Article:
The Three Gorges Dam
is being subjected to a level of public criticism not seen in China since construction of the project began in 1992,
David Bandurski of the China Media Project (CMP, Hong Kong) noted on June 1, and explained that
One important reason for this, of course, is that the State Council is debating the passage of a “Three Gorges Follow-Up Work Plan” (三峡后续工作规划) and a “Yangtze Middle and Lower Reaches Water Contamination Prevention Plan” (长江中下游流域水污染防治规划), exposing a number of serious issues with the Three Gorges Dam Project. Media have seized on this as an opportunity to probe deeper into the project and its impact (including the history of its approval).
Chinese news coverage may be more critical than ever (except, possibly, the run-up phase to approval by the “National People’s Congress” which eventually passed the project by an unusually narrow margin of “only” two thirds, but the debate never really ended. Another dam, the Zipingpu Reservoir some 5.5 kilometers away from the epicenter of the Wenchuan Earthquake of 2008, was also discussed by Chinese geologists, with the BBC‘s Chinese service in 2009, and, in March this year, on the China Society for Hydropower Engineering (中国水力发电工程学会) website. Chen Houqun (陈厚群), an elder at the China Institute of Water Resources and Hydropower Research, pointed out that while coal accounted for some seventy to eighty per cent of China’s energy mix, China’s leaders had pledged to raise the share of non-fossil sources of energy to 15 per cent before 2020.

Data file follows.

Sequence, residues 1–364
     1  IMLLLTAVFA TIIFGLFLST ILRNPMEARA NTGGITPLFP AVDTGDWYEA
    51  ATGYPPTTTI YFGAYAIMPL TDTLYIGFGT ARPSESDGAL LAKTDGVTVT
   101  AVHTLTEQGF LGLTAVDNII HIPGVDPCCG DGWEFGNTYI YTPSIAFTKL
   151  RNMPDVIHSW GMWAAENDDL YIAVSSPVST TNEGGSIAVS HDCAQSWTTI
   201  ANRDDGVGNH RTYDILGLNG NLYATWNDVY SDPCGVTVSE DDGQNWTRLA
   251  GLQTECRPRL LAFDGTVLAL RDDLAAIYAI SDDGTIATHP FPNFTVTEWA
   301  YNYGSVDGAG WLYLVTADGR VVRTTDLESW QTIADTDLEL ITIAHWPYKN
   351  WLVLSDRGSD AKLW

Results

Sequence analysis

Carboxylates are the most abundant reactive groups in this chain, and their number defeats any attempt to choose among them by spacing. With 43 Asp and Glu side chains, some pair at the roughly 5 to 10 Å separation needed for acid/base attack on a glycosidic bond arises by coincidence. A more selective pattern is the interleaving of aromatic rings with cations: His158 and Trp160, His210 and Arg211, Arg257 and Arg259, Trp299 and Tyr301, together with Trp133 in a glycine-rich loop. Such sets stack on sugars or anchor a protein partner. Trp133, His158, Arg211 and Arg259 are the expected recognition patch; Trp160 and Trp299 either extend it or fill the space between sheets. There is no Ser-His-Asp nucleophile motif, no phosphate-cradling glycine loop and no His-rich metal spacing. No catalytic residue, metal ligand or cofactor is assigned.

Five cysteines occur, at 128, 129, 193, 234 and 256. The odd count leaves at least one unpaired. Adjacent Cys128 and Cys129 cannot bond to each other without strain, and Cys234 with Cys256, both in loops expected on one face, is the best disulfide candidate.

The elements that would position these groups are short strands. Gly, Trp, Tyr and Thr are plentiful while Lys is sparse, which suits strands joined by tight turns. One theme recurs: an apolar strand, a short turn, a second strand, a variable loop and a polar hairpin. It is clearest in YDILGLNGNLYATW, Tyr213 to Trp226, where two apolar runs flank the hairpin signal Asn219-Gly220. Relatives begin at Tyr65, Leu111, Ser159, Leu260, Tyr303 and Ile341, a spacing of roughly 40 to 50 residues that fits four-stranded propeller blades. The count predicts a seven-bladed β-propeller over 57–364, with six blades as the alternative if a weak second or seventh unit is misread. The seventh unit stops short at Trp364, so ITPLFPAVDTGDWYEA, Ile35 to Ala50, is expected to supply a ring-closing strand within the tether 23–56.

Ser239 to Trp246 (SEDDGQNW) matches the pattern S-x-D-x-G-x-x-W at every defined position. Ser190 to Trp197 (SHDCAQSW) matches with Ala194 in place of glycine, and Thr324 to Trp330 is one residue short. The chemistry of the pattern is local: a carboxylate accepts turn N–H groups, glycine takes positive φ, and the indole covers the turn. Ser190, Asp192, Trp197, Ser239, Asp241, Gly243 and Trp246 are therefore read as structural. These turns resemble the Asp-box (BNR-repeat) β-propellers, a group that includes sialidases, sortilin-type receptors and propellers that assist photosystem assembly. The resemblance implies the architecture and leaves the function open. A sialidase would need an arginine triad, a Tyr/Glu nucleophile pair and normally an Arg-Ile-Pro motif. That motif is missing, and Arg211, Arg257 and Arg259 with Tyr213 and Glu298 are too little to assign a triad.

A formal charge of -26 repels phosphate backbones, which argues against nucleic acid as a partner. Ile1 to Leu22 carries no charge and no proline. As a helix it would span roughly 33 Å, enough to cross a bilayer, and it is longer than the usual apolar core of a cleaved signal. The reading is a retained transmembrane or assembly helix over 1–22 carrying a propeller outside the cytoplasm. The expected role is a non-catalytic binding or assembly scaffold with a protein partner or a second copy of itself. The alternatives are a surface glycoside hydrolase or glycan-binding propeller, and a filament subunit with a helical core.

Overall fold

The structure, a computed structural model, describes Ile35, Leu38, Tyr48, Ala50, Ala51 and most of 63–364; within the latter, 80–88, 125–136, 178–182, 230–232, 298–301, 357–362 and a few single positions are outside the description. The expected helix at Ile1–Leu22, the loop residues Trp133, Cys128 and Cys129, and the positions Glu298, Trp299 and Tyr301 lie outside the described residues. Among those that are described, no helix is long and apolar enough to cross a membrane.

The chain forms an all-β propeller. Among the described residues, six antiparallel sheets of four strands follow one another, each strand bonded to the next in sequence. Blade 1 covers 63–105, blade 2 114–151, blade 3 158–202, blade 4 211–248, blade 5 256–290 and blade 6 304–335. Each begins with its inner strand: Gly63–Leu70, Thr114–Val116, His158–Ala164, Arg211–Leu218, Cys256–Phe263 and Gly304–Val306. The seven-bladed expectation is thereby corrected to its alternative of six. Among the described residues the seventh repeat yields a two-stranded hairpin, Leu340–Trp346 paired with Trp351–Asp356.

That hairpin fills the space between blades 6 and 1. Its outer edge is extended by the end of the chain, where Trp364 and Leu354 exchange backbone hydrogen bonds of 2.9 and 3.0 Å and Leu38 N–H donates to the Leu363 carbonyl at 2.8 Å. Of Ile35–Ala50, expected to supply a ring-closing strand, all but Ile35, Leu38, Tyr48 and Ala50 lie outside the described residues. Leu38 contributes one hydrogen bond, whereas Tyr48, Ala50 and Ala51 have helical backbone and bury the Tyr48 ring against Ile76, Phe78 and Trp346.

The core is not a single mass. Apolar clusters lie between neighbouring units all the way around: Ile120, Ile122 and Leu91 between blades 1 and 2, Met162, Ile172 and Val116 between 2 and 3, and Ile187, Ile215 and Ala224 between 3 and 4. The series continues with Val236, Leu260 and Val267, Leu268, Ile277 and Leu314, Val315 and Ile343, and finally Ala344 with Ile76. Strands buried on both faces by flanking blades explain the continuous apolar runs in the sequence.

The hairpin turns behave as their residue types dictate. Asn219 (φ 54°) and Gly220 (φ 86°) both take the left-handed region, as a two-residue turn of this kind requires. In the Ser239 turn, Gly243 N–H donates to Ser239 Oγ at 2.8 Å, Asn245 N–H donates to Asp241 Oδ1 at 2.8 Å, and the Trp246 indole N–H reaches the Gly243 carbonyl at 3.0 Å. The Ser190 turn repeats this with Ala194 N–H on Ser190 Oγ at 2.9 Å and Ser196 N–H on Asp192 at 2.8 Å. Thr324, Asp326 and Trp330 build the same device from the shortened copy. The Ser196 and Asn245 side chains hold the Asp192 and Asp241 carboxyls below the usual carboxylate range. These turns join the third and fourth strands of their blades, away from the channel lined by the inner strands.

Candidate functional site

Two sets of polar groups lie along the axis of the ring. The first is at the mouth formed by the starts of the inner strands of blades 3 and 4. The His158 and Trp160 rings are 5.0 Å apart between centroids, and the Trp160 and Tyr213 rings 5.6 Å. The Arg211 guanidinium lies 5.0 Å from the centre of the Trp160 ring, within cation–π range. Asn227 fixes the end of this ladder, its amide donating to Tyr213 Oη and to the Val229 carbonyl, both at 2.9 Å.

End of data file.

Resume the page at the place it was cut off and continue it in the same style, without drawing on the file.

China’s potential for hydropower was irreplacable (我认为我们国家的国情，大力发展水电起到了无可替代的作用), Chen suggested, while he acknowledged that given that the rivers ran from China’s west to its east, and given that western China was exactly the region where earthquakes were most likely to strike, “seismic safety” was an unavoidable issue in the development of hydropower (水电的抗震安全是不可避免的问题).
Nuclear energy, too, is an energy sector where the bureaucracy behind it and the media are trying to alleviate concerns (which may be great or small in China, as the thread of this Sinologistical blogpost demonstrates). China News informed its readers, also in March this year, that in the wake of the Fukushima nuclear disaster, full consideration of earthquakes and other natural disasters’ influence had been given to the Fangchenggang nuclear plant’s choice of location.
As far as smaller solutions than the Three Gorges megaproject of the 1980s and 1990s are concerned, China might at least be interested in foreign technology, provided that financial support from respective government is provided. That’s what the China Institute of Water Resources and Hydropower Research website suggested on March 24.